The first thing to note is that we will not burn all accessible fossil fuels, at least not within the next couple of hundred years, because to do so would be to pretty much destroy human civilisation. So one of the presuppositions in the question is incorrect.
And now to the effect of the rate of release.
Greenhouse gas concentrations are a stock problem, rather than a flow problem, at human timescales.
Think of a bath with one tap part open, running water; and with the plug out. The tap is open just enough that the rate of water entering (the source), is equal to the rate of water going down the plug hole (the sink). So the level of water in the bath stays the same. Turn the tap up a notch, and the bath will steadily fill until it overflows.
The problem with what we've been doing over the last two centuries, is that we've increased the rate at which greenhouse gases enter the atmosphere (source); and at the same time, we've been cutting back the Earth's capacity to sequester $CO_2$ in the form of soil and biomass (sinks). So greenhouse gas concentrations have been rising sharply.
And that means that climate is changing, much more rapidly than it would in the normal scheme of things. The Earth has warmed and cooled before. Over millennia, and over millions of years. Which means that previous climate change, has happened at the same sort of timescales that evolution operates, and so life adapts, over hundreds of generations.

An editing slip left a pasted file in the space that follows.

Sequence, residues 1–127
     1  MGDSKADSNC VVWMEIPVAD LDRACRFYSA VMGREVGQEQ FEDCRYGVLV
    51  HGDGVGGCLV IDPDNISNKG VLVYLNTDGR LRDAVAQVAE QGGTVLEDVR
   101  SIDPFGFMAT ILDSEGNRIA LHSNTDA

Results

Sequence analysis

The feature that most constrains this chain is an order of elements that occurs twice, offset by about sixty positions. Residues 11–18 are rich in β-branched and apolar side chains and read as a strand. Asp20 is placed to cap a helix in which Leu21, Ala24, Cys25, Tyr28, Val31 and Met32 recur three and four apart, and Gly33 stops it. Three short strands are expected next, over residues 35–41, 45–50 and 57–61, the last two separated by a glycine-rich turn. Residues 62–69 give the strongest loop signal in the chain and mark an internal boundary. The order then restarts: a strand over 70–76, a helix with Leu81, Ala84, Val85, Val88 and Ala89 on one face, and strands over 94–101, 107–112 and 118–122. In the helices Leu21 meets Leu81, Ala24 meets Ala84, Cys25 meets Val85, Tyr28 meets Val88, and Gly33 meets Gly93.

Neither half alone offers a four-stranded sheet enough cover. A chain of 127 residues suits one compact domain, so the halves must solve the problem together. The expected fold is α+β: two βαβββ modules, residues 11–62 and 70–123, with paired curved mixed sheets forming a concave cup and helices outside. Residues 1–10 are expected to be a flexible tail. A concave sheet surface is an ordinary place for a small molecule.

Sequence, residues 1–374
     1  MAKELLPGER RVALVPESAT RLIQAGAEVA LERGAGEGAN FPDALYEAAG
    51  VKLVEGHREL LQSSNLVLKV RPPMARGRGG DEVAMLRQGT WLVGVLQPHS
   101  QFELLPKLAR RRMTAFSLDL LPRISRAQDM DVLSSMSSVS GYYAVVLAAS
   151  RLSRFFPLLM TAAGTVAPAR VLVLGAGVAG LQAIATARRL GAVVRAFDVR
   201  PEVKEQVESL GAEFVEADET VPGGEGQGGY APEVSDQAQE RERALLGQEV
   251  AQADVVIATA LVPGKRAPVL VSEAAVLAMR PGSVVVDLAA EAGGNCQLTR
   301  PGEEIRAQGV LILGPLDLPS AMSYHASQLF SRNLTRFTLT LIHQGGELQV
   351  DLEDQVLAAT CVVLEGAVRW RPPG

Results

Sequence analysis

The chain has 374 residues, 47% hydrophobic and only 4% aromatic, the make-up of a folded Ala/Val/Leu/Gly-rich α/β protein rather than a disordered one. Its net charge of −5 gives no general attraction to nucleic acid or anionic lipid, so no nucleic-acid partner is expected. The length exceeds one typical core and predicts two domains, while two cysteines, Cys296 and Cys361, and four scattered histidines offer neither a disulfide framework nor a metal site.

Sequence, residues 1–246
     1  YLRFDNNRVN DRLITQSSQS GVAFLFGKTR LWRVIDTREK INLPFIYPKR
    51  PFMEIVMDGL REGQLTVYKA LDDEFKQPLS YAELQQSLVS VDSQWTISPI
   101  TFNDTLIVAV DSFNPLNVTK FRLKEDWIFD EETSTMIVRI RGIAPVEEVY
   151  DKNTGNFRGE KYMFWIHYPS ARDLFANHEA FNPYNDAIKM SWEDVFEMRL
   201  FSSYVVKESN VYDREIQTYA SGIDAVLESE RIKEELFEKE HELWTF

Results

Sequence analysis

When climate changes rapidly (massive meteor strike, anthropogenic climate change), then evolution doesn't get off the starting blocks, and we have a mass extinction (we're currently in what is, as far as we can tell, the Earth's sixth mass extinction event).
And having built much of our civilisation, our cities, and our food production, on the climate and sea levels we've had for the last few centuries, it's a real problem to change those things rapidly. So the problem, for life and for civilisation, is the rate of change.
And that's why the release time, matters. Higher emissions rates, mean faster increases in global temperatures, and much less time to adapt:
From IPCC AR4, on impacts and timescales: